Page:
Gina McCarthy, EG81
President Obama nominated Gina McCarthy, EG81, to head the U.S. Environmental Protection Agency, and she was recently confirmed by the U.S. Senate. McCarthy, who earned a joint M.S. degree in environmental health engineering and planning and policy, is the former EPA administrator for the Office of Air and Radiation. McCarthy was also named a recipient of Graduate Studies’ Outstanding Service Award
In a 2009 interview with Tufts E-News, McCarthy said, “I don’t separate health issues from environmental issues or environmental issues from energy issues. I try to see it from the standpoint of human beings and what they need to have a sustainable world. I ended up in the environmental world because I saw the most direct overlap between what is happening in peoples’ health and the pollution they were being exposed to.”
Anthony D. Cortese, E68, EG72, received a Lifetime Achievement award from the Environmental Protection Agency at the 2013 Environmental Merit Award ceremonies held June 26 in Boston. Cortese is a senior fellow of Second Nature, an organization based in Boston and committed to promoting sustainability through higher education. Cortese received another Environmental Merit Award on behalf of Second Nature, which was nominated in the EPA’s Environmental, Community, Academia & Nonprofit category.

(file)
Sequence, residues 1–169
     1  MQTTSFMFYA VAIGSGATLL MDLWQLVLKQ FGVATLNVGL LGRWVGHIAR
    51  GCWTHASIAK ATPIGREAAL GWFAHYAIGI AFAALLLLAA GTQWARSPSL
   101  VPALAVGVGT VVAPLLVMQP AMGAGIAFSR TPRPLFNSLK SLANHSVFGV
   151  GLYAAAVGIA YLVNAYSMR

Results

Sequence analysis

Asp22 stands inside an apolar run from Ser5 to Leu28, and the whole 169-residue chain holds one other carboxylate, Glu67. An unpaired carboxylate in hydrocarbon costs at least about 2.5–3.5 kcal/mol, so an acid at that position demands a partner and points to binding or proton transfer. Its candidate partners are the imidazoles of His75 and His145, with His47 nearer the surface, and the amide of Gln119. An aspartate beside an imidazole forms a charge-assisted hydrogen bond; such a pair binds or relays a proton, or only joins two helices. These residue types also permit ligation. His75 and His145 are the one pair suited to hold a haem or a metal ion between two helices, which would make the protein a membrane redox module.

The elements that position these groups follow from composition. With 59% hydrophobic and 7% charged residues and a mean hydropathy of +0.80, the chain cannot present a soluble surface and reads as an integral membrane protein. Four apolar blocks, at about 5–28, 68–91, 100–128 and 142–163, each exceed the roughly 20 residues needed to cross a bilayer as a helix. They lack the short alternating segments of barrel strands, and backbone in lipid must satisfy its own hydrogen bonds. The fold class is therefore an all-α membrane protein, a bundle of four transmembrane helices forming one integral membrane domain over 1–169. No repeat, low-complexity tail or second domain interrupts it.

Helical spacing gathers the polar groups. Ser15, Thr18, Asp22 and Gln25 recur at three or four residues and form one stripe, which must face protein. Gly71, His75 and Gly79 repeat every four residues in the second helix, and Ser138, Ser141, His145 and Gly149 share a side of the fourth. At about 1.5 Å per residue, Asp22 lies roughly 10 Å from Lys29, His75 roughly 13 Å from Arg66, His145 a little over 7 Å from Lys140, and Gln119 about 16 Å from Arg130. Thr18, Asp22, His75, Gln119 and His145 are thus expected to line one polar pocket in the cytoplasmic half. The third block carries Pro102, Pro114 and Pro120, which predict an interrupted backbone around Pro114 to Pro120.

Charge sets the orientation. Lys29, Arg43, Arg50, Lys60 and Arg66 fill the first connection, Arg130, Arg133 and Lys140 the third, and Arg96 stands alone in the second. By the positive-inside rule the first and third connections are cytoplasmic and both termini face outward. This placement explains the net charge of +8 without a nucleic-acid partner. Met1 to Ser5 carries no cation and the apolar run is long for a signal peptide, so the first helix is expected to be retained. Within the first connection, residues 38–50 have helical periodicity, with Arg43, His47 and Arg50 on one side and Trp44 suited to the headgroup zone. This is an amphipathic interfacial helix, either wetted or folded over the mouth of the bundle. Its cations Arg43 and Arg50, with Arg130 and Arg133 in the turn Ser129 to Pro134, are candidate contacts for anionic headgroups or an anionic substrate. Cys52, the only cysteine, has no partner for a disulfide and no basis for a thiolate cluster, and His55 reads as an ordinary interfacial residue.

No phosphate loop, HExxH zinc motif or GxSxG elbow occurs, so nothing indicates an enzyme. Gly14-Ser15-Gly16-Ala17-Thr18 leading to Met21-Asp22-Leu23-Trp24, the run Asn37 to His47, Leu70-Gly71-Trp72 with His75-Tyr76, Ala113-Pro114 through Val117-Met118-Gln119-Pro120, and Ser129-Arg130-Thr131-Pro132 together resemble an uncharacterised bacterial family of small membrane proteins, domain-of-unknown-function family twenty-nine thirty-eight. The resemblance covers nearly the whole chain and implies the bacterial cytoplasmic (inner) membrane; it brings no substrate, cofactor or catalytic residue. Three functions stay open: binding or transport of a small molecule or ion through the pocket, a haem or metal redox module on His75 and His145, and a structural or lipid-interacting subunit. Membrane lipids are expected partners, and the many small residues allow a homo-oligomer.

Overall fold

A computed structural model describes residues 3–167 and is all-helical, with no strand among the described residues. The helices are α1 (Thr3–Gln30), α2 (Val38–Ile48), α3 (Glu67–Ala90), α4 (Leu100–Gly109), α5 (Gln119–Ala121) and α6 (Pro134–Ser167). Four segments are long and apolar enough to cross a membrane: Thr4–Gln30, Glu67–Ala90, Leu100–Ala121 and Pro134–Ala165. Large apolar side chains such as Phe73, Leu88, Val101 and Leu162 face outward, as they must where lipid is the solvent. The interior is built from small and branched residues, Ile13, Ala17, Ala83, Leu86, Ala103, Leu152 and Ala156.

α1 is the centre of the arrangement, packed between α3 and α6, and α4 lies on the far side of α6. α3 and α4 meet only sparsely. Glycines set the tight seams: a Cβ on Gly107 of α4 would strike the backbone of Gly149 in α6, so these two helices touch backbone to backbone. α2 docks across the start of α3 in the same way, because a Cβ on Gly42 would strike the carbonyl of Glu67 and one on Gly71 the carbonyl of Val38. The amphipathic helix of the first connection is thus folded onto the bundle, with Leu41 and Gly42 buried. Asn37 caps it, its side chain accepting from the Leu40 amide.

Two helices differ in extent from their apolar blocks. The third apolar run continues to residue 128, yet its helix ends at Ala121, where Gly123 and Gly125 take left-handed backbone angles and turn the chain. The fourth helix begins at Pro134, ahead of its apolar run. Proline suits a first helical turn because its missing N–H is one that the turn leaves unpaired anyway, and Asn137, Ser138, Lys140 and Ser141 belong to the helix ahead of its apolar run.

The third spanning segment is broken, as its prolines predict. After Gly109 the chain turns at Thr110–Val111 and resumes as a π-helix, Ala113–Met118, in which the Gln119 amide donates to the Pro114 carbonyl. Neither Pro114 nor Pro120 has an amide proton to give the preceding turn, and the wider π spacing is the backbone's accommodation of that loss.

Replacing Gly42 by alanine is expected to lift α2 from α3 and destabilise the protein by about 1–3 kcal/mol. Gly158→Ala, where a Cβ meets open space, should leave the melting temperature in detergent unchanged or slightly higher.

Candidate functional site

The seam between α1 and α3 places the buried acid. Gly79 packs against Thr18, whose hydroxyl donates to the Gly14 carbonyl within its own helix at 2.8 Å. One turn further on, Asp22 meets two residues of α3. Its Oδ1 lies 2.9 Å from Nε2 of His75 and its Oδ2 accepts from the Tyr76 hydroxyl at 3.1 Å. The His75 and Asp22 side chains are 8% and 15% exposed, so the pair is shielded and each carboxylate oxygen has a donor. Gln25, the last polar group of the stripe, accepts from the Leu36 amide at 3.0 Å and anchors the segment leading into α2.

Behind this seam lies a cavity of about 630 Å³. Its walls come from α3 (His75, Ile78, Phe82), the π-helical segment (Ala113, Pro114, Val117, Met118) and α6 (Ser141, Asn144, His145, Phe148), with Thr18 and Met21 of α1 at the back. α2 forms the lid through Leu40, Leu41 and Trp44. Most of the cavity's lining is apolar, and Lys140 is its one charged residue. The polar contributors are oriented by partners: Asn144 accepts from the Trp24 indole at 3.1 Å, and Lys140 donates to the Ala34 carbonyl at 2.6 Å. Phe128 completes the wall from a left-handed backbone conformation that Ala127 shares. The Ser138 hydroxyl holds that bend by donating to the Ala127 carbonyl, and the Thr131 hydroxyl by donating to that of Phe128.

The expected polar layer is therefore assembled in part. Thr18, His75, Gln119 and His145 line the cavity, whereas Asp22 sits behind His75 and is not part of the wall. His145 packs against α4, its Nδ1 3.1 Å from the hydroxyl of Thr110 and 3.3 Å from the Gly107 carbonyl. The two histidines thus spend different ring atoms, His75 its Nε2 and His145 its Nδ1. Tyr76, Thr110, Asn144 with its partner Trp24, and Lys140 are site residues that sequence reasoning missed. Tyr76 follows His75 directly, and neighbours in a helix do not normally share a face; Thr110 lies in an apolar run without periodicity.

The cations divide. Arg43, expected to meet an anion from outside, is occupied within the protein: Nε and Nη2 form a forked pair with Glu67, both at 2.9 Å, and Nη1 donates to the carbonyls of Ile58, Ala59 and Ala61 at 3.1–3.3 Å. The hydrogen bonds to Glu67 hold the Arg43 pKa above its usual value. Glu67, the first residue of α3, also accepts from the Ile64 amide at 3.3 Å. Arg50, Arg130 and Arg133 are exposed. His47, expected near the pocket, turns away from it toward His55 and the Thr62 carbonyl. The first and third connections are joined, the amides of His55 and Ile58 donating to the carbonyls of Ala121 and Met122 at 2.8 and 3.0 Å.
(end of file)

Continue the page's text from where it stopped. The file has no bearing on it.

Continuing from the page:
Curt Spalding (left), Regional Administrator, EPA New England, honors Anthony D. Cortese, E68, EG72, (third from left) with an EPA Lifetime Achievement award along with award recipients Ken Kimmell and Ira Leighton.
Cortese co-founded Second Nature with then-US Sen. John Kerry of Massachusetts; Kerry’s wife, Teresa Heinz Kerry; and environmentalist and educator Bruce Droste. As president of Second Nature from 1993 to 2012, Cortese organized the American College & University Presidents’ Climate Commitment and co-founded both the Association for the Advancement of Sustainability in Higher Education and the Higher Education Association Sustainability Consortium. Cortese was formerly the commissioner of the Massachusetts Department of Environmental Protection and was the first dean of environmental programs at Tufts University. At Tufts, he founded the Tufts Environmental Literacy Institute in 1989 that helped integrate environmental and sustainability perspectives into more than 175 courses.
Cortese also organized the effort that resulted in the internationally acclaimed Talloires Declaration of University Leaders for a Sustainable Future in 1990, now signed by more than 350 presidents and chancellors in more than 50 countries. Cortese is a frequent consultant on sustainability to higher education, industry and non-profit organizations.